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Proceedings Paper

Plasmonic paper: an emerging analytical platform for highly sensitive biosensors (Conference Presentation)
Author(s): Srikanth Singamaneni
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Paper Abstract

Plasmonic biosensors hold enormous potential for the development of low-cost, label-free, point-of-care biodiagnostics. However, two major challenges need to be overcome to reap the benefits of this class of biosensors: (i) state-of-the-art plasmonic biosensors either offer limited sensitivity or are impractical for real-world applications due to their poor stability and excessive cost; (ii) these biosensors rely on natural antibodies, which are high-cost and impose severe limitations in handling, storage and device integration. We demonstrate that a common filter paper can be transformed into a plasmonic sensing platform for highly sensitive and selective detection of trace levels of chemical and biological analytes. We also demonstrate that short peptides as biorecognition elements compared to larger antibodies as target capture agents offer several advantages. Using a bioplasmonic paper device, we demonstrate the selective and sensitive detection of the cardiac biomarker troponin I. The smaller sized peptide provides higher sensitivity and a lower detection limit using a bioplasmonic paper device. Furthermore, the excellent shelf-life and thermal stability of peptide-based plasmonic biosensors, which precludes the need for special storage conditions, makes it ideal for use in resource-limited settings. We also demonstrate plasmonic biosensors based on artificial antibodies by molecularly imprinting the plasmonic nanotransducers. Apart from significantly lowering the cost, these developments are critical for translating plasmonic sensors to point-of-care and resource-limited settings.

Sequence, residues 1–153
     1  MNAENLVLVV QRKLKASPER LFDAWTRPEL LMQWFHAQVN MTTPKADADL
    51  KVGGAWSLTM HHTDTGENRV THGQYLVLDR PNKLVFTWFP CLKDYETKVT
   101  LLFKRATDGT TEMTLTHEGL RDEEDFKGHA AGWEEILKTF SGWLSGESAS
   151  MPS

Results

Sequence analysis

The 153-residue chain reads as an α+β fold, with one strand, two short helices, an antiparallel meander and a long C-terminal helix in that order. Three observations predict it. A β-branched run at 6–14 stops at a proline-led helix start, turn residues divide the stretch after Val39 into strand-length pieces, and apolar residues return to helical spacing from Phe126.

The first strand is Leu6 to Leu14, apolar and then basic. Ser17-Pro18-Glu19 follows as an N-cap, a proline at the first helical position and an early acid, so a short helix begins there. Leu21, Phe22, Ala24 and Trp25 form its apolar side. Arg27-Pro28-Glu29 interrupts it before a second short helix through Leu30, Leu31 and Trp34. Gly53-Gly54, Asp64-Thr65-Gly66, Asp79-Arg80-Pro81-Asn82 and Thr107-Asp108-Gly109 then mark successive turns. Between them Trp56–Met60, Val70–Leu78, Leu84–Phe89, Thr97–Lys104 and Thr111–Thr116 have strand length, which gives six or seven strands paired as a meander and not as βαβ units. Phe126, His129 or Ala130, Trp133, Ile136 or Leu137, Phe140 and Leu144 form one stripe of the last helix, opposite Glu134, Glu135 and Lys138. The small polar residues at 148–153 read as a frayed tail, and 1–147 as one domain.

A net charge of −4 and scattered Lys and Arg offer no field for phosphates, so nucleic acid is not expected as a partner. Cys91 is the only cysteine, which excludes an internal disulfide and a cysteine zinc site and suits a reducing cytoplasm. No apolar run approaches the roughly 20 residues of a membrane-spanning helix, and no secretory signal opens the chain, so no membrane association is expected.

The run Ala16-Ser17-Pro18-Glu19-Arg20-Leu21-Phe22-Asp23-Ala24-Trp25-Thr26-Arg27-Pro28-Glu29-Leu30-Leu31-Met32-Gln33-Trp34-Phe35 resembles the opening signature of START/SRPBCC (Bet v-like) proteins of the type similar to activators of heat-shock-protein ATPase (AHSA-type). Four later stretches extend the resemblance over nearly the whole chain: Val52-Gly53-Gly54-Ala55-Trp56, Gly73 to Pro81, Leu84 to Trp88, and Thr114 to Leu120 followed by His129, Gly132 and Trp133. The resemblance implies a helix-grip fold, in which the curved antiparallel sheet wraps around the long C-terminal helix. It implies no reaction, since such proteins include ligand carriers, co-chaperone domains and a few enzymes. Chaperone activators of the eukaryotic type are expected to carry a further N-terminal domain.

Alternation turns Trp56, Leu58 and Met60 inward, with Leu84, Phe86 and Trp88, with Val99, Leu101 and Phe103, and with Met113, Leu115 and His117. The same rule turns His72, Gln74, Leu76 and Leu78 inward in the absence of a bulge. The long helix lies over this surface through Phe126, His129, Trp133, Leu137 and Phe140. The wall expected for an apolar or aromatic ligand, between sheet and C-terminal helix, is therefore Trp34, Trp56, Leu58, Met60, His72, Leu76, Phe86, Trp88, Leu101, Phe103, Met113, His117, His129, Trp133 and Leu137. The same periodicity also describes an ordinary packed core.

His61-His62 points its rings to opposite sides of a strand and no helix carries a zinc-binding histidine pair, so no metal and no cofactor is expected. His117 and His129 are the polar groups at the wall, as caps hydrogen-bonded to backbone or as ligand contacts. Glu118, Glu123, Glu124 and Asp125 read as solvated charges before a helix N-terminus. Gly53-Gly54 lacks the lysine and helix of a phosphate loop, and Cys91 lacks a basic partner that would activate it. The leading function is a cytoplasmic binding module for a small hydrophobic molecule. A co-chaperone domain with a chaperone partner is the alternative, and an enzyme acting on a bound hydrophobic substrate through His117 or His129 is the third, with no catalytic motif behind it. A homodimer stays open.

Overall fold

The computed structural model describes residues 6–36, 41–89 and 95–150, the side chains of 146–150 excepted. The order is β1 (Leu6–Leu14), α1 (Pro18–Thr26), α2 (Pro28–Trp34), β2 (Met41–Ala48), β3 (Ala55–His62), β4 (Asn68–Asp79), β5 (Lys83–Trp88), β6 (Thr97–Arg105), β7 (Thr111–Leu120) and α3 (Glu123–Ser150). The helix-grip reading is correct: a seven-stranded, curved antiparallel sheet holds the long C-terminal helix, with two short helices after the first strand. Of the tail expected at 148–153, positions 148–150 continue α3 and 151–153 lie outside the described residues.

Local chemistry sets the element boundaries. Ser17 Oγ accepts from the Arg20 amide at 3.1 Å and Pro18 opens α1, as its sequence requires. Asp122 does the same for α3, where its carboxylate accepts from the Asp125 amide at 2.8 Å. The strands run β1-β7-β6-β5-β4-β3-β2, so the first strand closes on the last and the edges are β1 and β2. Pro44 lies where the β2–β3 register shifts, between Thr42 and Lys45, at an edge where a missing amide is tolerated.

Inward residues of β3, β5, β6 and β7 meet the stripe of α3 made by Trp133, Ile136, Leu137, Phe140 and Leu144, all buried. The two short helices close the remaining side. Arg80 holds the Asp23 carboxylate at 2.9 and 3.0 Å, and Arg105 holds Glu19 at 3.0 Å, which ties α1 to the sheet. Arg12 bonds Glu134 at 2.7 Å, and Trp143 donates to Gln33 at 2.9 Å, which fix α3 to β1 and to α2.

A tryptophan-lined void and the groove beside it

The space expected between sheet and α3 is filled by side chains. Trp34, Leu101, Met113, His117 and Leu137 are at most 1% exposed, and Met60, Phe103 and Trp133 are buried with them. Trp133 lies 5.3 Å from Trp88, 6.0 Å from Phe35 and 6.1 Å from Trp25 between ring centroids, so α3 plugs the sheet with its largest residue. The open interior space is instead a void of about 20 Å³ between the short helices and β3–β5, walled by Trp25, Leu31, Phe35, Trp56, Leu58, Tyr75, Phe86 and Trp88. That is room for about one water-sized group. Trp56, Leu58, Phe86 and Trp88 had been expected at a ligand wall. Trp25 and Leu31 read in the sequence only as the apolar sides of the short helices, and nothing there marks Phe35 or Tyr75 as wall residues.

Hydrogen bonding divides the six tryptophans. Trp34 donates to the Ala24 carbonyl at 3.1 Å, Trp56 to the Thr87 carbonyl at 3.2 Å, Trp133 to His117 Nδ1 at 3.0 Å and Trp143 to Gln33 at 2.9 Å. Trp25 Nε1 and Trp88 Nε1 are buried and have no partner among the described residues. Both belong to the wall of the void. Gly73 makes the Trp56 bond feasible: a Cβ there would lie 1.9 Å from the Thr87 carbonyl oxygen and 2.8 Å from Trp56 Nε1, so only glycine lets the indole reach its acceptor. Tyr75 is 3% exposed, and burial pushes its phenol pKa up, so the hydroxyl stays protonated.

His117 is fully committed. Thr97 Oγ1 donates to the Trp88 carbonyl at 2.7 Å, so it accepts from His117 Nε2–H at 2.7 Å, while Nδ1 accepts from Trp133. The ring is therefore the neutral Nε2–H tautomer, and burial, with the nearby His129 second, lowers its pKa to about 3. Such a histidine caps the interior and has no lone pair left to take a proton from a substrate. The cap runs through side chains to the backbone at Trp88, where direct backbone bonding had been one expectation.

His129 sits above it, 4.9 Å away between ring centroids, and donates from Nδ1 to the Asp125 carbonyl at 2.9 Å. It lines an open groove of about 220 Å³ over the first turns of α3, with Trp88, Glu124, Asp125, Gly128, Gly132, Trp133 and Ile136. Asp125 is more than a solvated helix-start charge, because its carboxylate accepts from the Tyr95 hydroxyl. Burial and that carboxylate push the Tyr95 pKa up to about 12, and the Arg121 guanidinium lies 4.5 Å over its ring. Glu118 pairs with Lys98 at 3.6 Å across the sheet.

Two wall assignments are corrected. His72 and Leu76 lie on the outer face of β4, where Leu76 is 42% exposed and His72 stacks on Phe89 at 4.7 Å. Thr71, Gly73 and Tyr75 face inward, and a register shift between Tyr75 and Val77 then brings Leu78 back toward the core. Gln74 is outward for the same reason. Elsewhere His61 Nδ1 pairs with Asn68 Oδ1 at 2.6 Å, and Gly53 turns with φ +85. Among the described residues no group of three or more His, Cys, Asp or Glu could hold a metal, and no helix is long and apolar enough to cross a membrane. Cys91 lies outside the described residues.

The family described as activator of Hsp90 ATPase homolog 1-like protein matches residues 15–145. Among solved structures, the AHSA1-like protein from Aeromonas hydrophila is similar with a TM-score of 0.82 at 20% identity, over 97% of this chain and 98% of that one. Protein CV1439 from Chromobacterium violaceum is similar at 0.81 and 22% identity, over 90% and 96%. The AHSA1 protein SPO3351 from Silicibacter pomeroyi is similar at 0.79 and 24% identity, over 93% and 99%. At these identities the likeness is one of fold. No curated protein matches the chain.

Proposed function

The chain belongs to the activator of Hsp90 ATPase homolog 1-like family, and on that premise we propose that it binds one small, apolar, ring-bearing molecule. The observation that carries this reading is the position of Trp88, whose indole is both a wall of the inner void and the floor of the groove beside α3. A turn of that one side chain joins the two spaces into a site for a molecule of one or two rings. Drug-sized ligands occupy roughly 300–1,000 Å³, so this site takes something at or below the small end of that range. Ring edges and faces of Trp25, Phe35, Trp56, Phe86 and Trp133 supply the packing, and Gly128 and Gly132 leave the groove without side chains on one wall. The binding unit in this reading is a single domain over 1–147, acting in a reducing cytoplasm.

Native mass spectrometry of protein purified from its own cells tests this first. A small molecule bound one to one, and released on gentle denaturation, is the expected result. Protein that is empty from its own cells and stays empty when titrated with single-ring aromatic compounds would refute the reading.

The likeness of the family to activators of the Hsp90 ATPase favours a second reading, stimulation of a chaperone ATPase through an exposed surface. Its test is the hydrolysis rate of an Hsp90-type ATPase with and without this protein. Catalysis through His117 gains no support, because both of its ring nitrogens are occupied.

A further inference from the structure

Paper Details

Date Published: 27 April 2016
PDF: 1 pages
Proc. SPIE 9725, Frontiers in Biological Detection: From Nanosensors to Systems VIII, 97250E (27 April 2016); doi: 10.1117/12.2215013
Show Author Affiliations
Srikanth Singamaneni, Washington Univ. in St. Louis (United States)

Published in SPIE Proceedings Vol. 9725:
Frontiers in Biological Detection: From Nanosensors to Systems VIII
Benjamin L. Miller; Brian T. Cunningham, Editor(s)

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